Product Type: DeLonghi coffee machines
Newest Review: ... on the eye, and has a stainless steel top and a tray at the bottom. There is a milk frother attachment that can be used to make the milk u... more
Caffè con Cosa Nostra
DeLonghi Icona Espresso Maker
Member Name: Joker25
DeLonghi Icona Espresso Maker
Advantages: Makes a great espresso and cappucino.
Disadvantages: Takes quite a few minutes, can be a bit fiddly.
'Psst. I've got something for you. Something you wanted.' Such was my mother's opening line after a recent visit. The rest of the conversation went a little something like this:
'Oh. Okay. Why are we whispering?'
'Well, you never know, do you?'
'Never know what, mum?'
'Who's listening. You never know who's listening.'
'There's only you and me in the house, mum. And the dog. Or do you think he's a double agent?'
'Don't be ridiculous. I meant Norman next door. He has connections in the middle east.'
'Mum, Norman next door owned a factory that made Yasser Arafat's headscarves. It's not like he's a member of Black September. Also, he's nearly 80, deaf and called Norman. How much of a threat do you think he's going to be?'
'I don't want to compromise my contacts.'
'Your contacts? Do you mean Alice from the gardening club?'
'No, the contacts I got your present from.'
'Oh Christ. Are you in the Mafia, mum?'
'I wanted to be when I was younger. But then, I wanted to be a nun as well. You grow out of things. I hope you like your present. If you don't, though, you can't take it back or get a refund. That's not how this arrangement works.'
'I told you. My contacts don't work like that. *You* know.'
'I swear to God, I really don't.'
So, my dutiful daughterly visit has equipped me with the following: a brand new DeLonghi espresso/cappuccino machine and the knowledge that my mother is possibly working for the mob. I take solace from the fact that she's probably not one of their hitwomen, though, as she hates getting stains on her twin-sets. That said, she has just texted me to ask what the Japanese word for flower-arranging is. There are two possibilities with this: either she's doing the Saturday Times mega-big crossword, or my answer 'ikebana' is my tacit agreement that I'll off Joey Five Fingers and hide the body.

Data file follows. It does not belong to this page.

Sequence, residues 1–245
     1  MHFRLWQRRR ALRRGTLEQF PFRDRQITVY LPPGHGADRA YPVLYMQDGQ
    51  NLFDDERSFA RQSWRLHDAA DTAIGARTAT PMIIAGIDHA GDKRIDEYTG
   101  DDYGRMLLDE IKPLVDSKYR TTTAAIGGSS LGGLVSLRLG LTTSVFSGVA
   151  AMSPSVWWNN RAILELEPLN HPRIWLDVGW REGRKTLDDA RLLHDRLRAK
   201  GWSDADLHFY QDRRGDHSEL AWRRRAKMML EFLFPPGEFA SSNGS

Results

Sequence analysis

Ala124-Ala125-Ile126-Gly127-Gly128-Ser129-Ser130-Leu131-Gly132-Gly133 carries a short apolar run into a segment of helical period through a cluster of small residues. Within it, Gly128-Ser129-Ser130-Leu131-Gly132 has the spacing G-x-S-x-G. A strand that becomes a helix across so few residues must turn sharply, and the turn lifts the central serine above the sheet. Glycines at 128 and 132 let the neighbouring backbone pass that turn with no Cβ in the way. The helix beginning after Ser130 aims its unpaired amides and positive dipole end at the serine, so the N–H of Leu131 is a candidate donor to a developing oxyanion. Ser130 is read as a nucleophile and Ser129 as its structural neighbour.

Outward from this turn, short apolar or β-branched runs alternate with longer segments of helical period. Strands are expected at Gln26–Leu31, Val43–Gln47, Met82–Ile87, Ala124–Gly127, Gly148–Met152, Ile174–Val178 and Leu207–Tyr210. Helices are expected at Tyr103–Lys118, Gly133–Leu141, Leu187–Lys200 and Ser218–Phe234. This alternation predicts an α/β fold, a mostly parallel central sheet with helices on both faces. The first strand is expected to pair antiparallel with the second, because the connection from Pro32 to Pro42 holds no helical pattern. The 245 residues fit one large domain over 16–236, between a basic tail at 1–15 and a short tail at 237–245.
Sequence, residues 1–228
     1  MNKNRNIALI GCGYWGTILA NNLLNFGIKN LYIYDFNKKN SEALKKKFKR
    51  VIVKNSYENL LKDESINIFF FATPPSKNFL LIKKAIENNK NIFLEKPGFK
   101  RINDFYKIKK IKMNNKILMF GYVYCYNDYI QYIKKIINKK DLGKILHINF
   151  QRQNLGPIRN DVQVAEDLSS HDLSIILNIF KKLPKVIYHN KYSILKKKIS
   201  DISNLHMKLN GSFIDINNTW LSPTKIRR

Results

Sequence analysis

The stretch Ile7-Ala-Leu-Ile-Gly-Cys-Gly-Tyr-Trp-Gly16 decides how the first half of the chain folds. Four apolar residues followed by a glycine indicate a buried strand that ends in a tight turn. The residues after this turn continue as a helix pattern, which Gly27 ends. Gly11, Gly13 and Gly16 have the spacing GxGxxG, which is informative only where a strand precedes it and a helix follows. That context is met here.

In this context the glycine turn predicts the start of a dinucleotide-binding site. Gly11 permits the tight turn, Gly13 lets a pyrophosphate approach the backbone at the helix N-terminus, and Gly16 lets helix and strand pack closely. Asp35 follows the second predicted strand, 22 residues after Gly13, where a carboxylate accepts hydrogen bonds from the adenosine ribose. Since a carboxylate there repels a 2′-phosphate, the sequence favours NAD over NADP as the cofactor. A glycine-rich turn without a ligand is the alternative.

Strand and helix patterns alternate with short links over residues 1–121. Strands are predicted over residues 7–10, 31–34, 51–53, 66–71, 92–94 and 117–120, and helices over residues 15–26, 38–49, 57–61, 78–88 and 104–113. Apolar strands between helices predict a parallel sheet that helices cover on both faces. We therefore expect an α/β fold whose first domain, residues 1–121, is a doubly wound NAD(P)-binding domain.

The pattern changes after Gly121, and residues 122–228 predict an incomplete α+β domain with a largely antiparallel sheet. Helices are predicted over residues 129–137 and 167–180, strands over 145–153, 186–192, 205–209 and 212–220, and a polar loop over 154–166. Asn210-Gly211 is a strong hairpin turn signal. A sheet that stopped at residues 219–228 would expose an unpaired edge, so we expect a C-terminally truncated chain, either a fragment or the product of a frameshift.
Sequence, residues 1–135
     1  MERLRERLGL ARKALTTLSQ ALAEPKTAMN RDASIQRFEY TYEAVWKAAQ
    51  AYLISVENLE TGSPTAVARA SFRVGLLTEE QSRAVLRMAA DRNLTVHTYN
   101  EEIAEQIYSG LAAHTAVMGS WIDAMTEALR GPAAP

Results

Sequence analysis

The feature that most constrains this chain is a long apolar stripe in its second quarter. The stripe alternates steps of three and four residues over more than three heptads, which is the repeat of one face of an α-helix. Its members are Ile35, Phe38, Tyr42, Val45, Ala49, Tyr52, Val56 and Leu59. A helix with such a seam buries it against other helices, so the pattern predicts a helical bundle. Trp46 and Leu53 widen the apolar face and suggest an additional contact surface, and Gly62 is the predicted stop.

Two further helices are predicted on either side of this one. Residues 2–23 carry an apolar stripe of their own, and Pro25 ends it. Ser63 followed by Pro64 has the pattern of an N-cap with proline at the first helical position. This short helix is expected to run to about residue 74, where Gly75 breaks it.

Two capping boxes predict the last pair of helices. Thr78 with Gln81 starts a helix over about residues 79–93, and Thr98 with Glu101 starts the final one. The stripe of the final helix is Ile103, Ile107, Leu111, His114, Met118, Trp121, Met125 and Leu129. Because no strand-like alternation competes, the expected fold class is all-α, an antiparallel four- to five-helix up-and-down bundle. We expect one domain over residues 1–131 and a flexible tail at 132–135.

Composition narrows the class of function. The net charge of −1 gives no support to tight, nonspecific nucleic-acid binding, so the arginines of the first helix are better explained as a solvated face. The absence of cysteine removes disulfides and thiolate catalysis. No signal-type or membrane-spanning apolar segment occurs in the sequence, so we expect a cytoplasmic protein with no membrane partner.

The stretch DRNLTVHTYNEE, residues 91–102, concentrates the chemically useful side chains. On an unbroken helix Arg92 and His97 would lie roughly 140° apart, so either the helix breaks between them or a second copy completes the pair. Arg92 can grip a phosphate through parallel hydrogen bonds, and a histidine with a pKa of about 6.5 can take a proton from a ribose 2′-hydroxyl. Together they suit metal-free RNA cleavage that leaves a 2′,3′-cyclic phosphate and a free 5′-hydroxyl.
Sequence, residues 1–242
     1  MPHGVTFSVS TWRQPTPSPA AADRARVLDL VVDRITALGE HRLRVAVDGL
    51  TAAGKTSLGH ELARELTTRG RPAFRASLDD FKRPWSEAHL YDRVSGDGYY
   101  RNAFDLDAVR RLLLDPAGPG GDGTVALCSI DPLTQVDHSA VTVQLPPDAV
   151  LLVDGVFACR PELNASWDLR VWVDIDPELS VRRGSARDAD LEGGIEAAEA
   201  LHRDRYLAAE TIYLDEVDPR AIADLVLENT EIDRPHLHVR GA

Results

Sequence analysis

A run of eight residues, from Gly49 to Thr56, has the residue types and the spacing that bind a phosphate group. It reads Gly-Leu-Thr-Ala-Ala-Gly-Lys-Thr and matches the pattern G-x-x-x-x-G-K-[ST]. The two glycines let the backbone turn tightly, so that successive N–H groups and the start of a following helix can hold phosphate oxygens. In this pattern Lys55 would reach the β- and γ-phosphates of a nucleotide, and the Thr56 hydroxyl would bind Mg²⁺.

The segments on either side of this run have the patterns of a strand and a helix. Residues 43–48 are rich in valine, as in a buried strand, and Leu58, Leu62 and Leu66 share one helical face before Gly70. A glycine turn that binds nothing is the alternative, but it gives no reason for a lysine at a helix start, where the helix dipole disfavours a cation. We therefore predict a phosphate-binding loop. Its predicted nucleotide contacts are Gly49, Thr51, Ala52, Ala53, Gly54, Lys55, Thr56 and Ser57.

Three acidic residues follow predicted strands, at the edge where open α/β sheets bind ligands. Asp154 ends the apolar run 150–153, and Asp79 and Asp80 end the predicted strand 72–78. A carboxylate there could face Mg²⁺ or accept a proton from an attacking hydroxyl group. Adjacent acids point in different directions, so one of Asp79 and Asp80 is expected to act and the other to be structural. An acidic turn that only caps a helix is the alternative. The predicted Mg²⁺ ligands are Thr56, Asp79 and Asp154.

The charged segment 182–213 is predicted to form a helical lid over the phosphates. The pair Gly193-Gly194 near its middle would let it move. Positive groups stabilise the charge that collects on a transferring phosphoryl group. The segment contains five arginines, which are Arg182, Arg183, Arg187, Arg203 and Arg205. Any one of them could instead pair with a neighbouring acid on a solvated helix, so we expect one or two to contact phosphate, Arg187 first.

Until I locate the weapons cache, though, I thought I'd have a bash with my new toy.
Mine is black, but they're also available in red, blue and white. It has a footprint that's roughly twice as big as the average kettle and it's about as tall as a microwave. It'll fit pretty neatly on the average kitchen counter.
It looks quite sleek and expensive although it is reasonably lightweight (i.e. can easily be lifted one-handed) and should therefore be a doddle to put in a kitchen cupboard if you don't have the room to keep it out all the time.
~*~How to make it work~*~
Take a deep breath because the instructions are of next to no use. The English is fine and it does all kind of make sense in isolation, but put together in paragraphs it becomes like the manual for flying a stealth fighter. Too many pictures (29! Which increases to 50(!) if you include the utterly bewildering and misleadingly-named 'quick start' guide) and too many instances of 'for advice on this, refer to previous paragraph points 5, 6, 7 and consider diagram A.1'. Luckily, I used to work in a Virgin cinema where one of the many perks of the job was serving coffee to the film-viewing public, so I'm something of a pro (seriously. I once served Liam Neeson a cappuccino and an ice lolly. Friend of the rich and famous, me).